Dakota Farmer

Sunflower Extra: Demand for NuSun and high-oleic oils continues to grow.

John Sandbakken, Executive director

February 24, 2023

2 Min Read
sunflower seeds in a pile
GOING STRONG: Consistent demand for old-crop seed at crush plants and confection processors is expected in the final months of this marketing year.Lew Robertson/Getty Images

U.S. demand for trans-fat-free NuSun and high-oleic sunflower oils has experienced impressive growth in the past six years. Usage has increased from 436 million pounds to 725 million pounds, a 66% increase.

In the 2022-23 marketing year, domestic usage is expected to continue this growth trend and reach a record 750 million pounds. Based on trend-line projections, domestic sunflower oil consumption is expected to grow 5% to 10% annually.

Of all sunflower oil produced in the United States, 85% is sold into the domestic market. The remaining 15% is primarily exported to Canada, Mexico and Japan. Canada has been the leading export destination at 70% of all U.S. sunflower oil exports.

The market for oil-type seeds has been active since harvest, with crushers and bird food buyers competing for the robust seed supplies available this year, versus last year’s drought-reduced crop at this same time.

In its final estimate, USDA pegged 2022 sunflower production at 2.81 billion pounds, representing an increase of 48% from 2021. Production of oil-type varieties is expected to be 2.57 billion pounds, with non-oil varieties at 241 million pounds.

Non-oil use is projected to increase 10% this marketing year. USDA estimates sunflower seed crush at 1.39 billion pounds, up 38% from the last marketing year. Ending stocks are expected to rebound to 361 million pounds from last year’s low level of 295 million pounds.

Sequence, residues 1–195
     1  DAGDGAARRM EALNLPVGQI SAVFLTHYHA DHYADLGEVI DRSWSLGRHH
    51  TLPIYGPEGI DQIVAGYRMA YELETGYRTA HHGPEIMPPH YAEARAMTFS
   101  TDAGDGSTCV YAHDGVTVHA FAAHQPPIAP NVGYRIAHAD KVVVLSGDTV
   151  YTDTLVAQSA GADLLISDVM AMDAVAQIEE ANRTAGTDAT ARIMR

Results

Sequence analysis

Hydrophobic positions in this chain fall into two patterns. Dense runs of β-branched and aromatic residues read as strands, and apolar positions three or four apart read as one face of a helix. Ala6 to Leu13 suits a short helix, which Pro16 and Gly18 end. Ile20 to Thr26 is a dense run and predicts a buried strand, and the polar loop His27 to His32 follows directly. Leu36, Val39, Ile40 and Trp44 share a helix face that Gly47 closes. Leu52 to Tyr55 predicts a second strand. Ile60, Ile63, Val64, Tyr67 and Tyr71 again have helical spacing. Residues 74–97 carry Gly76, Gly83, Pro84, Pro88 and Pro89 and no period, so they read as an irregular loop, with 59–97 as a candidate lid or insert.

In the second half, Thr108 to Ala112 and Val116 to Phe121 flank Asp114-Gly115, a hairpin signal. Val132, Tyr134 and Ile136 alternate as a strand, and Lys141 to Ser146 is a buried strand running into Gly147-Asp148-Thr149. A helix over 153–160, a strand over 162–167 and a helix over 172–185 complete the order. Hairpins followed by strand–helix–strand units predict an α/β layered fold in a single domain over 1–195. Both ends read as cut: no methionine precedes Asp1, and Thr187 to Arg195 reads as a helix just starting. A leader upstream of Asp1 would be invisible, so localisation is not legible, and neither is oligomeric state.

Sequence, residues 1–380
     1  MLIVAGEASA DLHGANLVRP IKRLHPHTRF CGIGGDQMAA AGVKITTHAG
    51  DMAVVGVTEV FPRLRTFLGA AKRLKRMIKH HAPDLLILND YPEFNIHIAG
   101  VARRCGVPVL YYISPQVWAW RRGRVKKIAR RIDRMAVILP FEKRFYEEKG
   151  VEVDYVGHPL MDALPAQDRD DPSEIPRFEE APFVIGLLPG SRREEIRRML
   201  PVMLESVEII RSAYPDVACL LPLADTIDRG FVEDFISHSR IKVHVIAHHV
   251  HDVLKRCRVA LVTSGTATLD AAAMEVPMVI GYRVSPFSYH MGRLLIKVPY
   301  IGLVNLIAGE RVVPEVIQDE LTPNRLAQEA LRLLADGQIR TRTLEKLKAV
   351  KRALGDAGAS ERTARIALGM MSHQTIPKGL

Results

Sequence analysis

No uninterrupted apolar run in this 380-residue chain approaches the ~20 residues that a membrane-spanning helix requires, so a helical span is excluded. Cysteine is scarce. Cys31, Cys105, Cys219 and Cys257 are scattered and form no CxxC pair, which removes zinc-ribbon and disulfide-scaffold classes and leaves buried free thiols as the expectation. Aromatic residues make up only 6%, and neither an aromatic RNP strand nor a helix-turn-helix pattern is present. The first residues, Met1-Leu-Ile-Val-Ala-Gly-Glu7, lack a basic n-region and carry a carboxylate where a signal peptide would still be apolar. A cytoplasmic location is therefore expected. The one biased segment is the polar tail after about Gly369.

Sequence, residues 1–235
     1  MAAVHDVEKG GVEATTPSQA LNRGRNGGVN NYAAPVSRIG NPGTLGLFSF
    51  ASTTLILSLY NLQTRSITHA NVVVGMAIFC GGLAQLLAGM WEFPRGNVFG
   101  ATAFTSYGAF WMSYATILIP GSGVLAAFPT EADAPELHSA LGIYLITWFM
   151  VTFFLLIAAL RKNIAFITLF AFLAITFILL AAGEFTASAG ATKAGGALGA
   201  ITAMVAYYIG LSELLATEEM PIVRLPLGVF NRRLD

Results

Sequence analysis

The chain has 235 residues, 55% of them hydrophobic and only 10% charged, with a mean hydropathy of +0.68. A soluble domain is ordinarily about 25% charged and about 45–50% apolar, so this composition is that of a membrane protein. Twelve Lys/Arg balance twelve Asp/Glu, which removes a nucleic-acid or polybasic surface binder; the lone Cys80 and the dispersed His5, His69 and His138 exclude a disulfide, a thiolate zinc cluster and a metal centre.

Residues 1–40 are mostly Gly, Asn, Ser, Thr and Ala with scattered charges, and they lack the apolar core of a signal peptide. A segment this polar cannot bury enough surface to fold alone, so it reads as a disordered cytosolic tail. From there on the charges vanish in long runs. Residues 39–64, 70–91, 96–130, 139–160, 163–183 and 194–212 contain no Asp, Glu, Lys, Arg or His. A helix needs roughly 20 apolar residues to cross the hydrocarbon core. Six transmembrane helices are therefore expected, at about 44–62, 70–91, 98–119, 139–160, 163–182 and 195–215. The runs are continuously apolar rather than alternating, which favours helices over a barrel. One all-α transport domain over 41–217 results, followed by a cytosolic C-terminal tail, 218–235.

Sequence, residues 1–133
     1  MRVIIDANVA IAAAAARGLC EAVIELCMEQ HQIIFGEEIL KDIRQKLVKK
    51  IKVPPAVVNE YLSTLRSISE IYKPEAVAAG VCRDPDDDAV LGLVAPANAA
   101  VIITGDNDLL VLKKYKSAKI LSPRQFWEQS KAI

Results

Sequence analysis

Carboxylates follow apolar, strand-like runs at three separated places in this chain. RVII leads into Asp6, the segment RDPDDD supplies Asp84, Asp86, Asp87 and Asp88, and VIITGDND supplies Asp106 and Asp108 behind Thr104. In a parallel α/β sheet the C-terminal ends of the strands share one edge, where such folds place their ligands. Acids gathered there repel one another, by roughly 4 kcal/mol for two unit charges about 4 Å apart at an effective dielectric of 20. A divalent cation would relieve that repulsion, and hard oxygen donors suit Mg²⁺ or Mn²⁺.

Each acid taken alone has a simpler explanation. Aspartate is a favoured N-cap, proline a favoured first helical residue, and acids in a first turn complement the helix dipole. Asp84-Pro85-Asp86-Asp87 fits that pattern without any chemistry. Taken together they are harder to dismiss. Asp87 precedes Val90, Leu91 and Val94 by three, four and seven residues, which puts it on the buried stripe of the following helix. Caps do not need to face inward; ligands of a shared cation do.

Consistent demand for old-crop seed at crush plants and confection processors is expected in the final months of this marketing year due to strong demand fundamentals.

Prices stay strong

New-crop prices remain strong while the battle for acres continues. All sunflower demand sectors are offering Act of God contracts for fall delivery. These “fail safe” AOG contracts have become popular with farmers throughout the production region.

It provides an opportunity to lock in attractive prices now for fall delivery and removes that all-important factor of price risk in these volatile times.

Something else to consider is the oil premiums that crush plants pay on NuSun and high-oleic sunflower contracts. Sunflower is the only oilseed that pays premiums for oil content above 40%. A 2% price premium is paid for each 1% of oil above 40%. This pushes a contract with 45% oil content gross return 10% higher per cwt and would raise the value of a $26.50 base contract close to $30 per cwt.

The main market mover from April onward will be USDA’s March Prospective Plantings report. Trade expectations about planted acreage will likely be in a wide range before the report is released. After the release of the report, North American weather conditions and 2023 U.S. oilseed crop prospects will progressively become a more important factor in price.

To keep up with price movement, visit sunflowernsa.com, or follow us on Twitter @NatlSunflower.

Sandbakken is the executive director of the National Sunflower Association and writes from Mandan, N.D.

About the Author(s)

John Sandbakken

Executive director, National Sunflower Association

John Sandbakken of Mandan, N.D., has been the executive director of the National Sunflower Association since 2012. Before his current post, he was NSA's international marketing director for 16 years.

The National Sunflower Association is a combination of United States sunflower growers and industry members. NSA is a nonprofit organization working in the areas of market development, education, production and utilization research.

Subscribe to receive top agriculture news
Be informed daily with these free e-newsletters

You May Also Like